Lauren Alice Ink | A Map of My Bookshelf
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A Map of My Bookshelf

Time to draw a map of my bookshelf. Three shelves are dedicated to books and one to CDs and computer games. The books pile onto the shelves haphazardly, stacked atop one another like a game of real life Tetris, and rank from absolute favorite at the top and downward to “I liked them enough to not give them away.”

The middle of the three shelves holds Toliver’s Secret by Esther Wood Brady—historical fiction about a spy in the Revolutionary War who hid written information in a loaf of bread. My mom suggested this novel to me and I remember it as one of the first books I couldn’t put down.

Inkheart by Cornelia Funke rests at the top shelf, keenly aware of its status. This book about books and the power of words instilled in me a yearning much like that of the main character Meggie. While Meggie wished to be able to read aspects of the story out of books and into the real world, I wished to construct entire worlds with words. “The wish had settled like a cuckoo in the nest of her heart, where it kept fluffing up its plumage and making itself at home, no matter how hard she tried to throw it out.” Today, I opened up my paperback copy of the book to find the spine cracked at this page. A younger me had underlined the text of the entire page and wrote quotes from the movie and rewrote seemingly important lines from the book in the margins.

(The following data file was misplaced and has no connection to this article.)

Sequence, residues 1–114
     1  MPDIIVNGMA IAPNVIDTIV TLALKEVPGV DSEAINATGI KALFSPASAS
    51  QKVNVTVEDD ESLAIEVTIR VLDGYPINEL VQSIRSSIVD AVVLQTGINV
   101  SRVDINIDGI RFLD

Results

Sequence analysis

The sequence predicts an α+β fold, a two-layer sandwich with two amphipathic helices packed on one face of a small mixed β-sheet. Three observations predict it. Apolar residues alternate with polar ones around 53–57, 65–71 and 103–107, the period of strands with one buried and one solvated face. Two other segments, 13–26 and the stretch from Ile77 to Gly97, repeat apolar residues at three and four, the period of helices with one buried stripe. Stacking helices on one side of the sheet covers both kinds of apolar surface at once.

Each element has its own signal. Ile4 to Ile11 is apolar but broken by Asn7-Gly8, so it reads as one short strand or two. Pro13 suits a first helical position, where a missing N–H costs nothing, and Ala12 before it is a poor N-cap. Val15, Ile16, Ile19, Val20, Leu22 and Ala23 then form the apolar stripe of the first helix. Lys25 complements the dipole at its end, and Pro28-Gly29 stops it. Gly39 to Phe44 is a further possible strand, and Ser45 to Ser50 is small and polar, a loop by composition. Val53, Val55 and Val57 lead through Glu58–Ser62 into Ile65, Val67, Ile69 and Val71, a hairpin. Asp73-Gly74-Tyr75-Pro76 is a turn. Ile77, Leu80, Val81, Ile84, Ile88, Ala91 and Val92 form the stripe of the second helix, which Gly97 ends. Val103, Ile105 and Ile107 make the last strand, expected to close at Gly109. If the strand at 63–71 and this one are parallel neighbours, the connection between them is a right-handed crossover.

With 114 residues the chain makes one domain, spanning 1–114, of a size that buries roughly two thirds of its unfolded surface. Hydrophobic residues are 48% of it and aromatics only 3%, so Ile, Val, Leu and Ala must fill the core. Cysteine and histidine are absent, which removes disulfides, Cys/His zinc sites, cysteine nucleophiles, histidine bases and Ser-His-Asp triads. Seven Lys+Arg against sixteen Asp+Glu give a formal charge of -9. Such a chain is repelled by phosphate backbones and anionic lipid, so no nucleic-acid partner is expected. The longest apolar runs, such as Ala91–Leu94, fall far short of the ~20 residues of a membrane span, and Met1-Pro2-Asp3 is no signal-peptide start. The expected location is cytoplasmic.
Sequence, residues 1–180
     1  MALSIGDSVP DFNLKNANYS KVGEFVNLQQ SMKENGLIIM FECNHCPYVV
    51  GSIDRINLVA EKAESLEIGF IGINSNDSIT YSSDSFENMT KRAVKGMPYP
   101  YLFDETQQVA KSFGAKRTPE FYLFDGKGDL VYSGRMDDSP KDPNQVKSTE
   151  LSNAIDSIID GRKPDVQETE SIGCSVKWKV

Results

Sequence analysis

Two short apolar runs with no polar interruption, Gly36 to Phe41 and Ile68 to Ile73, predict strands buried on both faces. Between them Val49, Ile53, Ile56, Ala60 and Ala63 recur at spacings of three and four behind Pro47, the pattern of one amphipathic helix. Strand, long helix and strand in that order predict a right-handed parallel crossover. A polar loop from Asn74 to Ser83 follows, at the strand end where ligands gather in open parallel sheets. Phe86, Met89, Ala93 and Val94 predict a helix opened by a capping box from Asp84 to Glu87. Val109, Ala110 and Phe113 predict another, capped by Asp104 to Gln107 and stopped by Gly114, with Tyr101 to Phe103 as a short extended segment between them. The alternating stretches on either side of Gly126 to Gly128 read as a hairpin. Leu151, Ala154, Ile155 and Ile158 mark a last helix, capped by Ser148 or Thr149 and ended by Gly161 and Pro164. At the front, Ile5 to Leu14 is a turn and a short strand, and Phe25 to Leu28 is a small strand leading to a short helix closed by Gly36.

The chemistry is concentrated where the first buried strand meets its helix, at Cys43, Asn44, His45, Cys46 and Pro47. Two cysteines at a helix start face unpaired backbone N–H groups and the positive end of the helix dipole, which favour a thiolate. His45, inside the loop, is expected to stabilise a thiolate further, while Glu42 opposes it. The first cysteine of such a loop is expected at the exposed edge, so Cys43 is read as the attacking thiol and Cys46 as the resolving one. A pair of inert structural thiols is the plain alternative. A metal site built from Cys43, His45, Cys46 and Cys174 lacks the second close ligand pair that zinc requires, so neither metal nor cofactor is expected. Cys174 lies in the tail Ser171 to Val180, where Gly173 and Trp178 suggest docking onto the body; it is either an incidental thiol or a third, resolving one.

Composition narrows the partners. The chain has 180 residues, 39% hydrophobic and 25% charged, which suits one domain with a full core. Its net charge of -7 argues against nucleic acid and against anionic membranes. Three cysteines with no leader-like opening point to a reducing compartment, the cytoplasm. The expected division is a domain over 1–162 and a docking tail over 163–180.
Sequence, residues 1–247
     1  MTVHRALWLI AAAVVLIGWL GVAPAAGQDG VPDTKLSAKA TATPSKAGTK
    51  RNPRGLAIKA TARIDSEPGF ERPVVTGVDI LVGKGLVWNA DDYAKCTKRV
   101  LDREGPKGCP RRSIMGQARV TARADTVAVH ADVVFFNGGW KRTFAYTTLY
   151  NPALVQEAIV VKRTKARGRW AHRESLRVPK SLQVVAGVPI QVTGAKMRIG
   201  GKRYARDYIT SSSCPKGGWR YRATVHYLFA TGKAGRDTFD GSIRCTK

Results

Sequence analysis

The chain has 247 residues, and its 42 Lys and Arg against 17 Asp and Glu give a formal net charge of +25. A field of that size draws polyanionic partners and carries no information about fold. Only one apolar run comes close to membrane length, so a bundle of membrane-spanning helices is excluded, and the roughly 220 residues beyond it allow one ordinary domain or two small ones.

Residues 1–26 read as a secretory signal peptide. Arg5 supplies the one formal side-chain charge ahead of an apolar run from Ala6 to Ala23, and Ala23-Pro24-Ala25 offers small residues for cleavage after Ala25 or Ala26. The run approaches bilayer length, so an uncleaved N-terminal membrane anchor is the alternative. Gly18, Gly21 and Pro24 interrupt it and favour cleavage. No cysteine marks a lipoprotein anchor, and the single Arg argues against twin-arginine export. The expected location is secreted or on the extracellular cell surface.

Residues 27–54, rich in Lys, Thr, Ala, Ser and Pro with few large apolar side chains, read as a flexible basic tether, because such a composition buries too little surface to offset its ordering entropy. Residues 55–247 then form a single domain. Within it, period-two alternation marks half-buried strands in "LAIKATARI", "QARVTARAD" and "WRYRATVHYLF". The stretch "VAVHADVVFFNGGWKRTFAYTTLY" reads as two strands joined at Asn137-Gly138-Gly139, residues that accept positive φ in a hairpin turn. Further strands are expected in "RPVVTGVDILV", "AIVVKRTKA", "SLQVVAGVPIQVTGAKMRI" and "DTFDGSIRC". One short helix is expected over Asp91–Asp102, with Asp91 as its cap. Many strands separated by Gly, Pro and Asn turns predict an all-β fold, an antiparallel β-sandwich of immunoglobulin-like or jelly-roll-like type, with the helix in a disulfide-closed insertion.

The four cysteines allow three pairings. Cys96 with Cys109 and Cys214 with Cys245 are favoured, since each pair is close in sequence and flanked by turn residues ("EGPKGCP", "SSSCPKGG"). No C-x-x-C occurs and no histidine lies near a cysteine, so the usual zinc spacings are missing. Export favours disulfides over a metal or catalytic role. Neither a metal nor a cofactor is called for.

The second book of the Ink Trilogy, Inkspell, takes its place next to the first. However, the third, Inkdeath, has been banished to the bottom shelf. After great anticipation, the story was not going the way I wanted, so I set the book aside, and to this day, it still sits on my bookshelf unfinished. I’m not proud of this, and one day I’ll pick it up again with my new respect of the craft of story. But you do a lot of stupid stuff when you’re twelve.

Also on the top shelf are the Percy Jackson series by Rick Riordan, The Shadow Children series by Margaret Peterson Haddix, John Green’s books, and a few Nancy Drew mysteries. I devoured the Nancy Drew books like a one-year-old fixated on their cake at their birthday party, even though the suspenseful sometimes scared me. As I got older, the stories grew more riveting to me and I eventually graduated to Sherlock Holmes mysteries. However, Sherlock is also on the bottom shelf, but only comparatively because Nancy Drew will always hold a special place in my heart and on my bookshelf.

The second shelf holds all the other Rick Riordan books I own–the Kane Chronicles and half the Heroes of Olympus series. Here, you can also find Eragon by Christopher Paolini. It took me forever to finish this book. It is one of only two stories that I found the movie to be better in comparison. Arguably, the book was too detailed, so in my opinion, the movie cut down on the unfortunately slow parts of the story. Here we also have a few inspirational autobiographies I had to read for school and the Divergent series by Veronica Roth.

The Harry Potter series is placed on the bottom shelf purely out of lack of room on the top shelf. The books know where their rightful place is, except for Order of the Phoenix, of course. The bottom shelf is also where I dump books I haven’t read yet, like Yes Please by Amy Poehler, the Jurassic Park series, and Esther Earl’s biography. I also have a collection of Grimm’s Fairy Tales here too.

I hope this map of my bookshelf provides a glimpse into my inspiration for my writing and even my organization methods. How do you organize your bookshelf? What books do you keep there?

Lauren Alice

Lauren is a writer and editor. Science fiction is her passion and she believes coffee is better with cream.

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